Hi Ms. Palama. My name’s Dawn. I work with Hawai‘i Friends of Restorative Justice. Your daughter Katherine gave me your telephone number. We provide a reentry planning circle process for incarcerated individuals that she’s applied for. Do you have time to talk right now or can I call you back?

Sure, I can talk now.

Thank you Ms. Palama. May I call you Malia?


Thanks Malia. The reentry circle Katherine wants is only for people who take responsibility for their past behavior and who want to make amends with loved ones for their past behavior and incarceration. We met with Katherine and she hoped you would want to come to the prison and meet with her and other family members for a circle. Does this sound like something you might be interested in?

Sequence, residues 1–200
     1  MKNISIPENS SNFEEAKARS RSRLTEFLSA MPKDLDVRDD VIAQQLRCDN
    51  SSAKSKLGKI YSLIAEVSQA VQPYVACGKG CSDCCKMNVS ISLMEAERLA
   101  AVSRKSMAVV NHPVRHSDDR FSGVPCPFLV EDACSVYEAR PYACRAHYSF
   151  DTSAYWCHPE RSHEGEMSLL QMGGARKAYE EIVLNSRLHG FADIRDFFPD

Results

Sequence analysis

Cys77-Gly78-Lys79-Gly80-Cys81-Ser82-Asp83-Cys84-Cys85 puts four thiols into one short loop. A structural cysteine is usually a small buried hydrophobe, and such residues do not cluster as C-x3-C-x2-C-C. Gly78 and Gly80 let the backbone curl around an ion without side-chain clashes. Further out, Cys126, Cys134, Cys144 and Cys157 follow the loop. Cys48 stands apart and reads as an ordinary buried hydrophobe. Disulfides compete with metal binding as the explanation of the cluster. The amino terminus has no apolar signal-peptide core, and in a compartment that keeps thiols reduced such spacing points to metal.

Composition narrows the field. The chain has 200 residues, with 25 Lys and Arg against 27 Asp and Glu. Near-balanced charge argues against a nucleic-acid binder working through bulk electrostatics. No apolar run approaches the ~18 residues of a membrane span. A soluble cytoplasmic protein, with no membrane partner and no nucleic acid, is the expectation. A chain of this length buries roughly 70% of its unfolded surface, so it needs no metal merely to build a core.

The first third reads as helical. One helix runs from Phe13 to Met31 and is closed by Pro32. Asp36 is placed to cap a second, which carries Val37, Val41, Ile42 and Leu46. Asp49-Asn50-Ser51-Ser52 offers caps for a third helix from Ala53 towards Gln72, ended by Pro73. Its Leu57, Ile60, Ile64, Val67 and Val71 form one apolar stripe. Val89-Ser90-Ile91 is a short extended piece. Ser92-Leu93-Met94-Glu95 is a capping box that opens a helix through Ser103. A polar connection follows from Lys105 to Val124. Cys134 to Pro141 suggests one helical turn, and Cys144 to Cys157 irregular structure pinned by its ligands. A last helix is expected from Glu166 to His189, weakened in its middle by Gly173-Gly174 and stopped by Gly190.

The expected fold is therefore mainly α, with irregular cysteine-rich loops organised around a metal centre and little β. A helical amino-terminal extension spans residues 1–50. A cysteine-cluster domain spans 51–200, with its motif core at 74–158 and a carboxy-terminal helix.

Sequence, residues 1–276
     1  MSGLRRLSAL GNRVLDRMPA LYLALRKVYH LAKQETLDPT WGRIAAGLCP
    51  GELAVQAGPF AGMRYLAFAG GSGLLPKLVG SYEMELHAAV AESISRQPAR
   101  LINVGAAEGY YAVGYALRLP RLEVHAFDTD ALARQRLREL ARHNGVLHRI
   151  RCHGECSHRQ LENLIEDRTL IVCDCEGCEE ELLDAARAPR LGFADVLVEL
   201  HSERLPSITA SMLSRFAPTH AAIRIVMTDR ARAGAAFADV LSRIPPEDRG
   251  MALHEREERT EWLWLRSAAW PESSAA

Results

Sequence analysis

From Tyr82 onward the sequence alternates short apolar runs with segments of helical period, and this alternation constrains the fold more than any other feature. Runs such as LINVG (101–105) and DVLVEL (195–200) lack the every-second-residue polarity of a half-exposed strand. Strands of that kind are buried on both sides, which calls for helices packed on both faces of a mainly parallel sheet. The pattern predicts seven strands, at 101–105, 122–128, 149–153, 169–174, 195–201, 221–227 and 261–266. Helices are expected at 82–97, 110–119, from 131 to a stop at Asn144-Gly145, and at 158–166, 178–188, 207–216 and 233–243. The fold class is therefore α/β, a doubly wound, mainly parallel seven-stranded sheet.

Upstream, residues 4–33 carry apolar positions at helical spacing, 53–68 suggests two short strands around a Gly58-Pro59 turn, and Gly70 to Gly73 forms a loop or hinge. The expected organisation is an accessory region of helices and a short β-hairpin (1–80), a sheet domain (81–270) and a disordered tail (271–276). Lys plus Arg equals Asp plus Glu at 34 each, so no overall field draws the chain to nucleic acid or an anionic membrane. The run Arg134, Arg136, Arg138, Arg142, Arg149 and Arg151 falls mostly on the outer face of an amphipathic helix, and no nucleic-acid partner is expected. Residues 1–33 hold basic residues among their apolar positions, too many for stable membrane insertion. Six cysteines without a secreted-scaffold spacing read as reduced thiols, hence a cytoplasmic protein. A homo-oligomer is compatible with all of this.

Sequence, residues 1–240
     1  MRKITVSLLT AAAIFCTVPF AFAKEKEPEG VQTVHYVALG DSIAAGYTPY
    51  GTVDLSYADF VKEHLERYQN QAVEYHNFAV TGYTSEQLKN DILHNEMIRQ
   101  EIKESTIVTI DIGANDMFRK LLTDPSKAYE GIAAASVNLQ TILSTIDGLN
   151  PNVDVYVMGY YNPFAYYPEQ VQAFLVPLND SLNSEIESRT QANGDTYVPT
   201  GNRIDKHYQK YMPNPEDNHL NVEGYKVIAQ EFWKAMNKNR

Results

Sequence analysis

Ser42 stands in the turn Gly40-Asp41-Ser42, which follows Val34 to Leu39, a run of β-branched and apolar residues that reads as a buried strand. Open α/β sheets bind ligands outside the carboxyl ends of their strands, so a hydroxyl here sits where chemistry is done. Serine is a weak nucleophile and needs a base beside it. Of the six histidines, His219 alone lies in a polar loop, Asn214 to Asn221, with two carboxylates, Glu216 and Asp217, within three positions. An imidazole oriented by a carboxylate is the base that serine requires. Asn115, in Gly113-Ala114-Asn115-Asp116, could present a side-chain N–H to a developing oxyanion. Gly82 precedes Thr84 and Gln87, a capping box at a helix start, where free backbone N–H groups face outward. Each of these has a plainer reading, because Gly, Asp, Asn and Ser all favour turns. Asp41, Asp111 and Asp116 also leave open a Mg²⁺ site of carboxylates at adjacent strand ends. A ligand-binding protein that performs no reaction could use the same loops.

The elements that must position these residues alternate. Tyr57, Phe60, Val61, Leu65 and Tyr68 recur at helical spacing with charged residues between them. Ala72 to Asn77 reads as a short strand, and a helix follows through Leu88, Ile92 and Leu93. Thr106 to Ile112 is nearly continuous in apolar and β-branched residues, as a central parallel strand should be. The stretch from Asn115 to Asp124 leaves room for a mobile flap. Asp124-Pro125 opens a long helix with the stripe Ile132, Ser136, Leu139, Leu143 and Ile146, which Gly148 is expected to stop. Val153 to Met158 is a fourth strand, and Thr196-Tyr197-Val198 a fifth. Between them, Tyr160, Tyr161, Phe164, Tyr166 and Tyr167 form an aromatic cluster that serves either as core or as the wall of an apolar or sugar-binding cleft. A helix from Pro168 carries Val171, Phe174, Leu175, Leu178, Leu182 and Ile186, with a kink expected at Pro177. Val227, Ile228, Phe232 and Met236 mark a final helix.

Yes, Katherine told me about it and I’d love to come, but cannot. I live in Vegas and have to work,

Oh sure, that’s fine. If you’d like I can ask you the same questions we’d ask at the circle. I can write down your answers and we can read them when Katherine has her circle. Do you wanna do that?

Yeah, I could do that.

Okay, great. Do you have time right now? It’ll take about 15 minutes or so.

Yes, I have some time.

Okay. The circle is a positive process that includes finding out what Katherine’s loved ones like about her. Can you tell me what you think her strengths are? What you believe is positive and what you like about Katherine?

Well, she’s really smart and funny. She cares about other people a lot. She’d give the shirt off her back to help someone. That’s part of her problem always helping people and some of them don’t help her, but drag her down instead.